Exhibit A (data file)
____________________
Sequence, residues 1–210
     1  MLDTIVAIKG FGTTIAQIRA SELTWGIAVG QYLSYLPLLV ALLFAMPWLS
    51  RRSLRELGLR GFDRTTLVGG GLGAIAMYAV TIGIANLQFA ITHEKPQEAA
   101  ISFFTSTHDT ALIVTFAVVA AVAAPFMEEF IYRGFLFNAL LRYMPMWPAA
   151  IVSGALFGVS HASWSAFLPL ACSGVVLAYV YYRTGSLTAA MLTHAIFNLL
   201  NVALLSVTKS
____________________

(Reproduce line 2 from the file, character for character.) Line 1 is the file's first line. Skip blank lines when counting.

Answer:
     1  MLDTIVAIKG FGTTIAQIRA SELTWGIAVG QYLSYLPLLV ALLFAMPWLS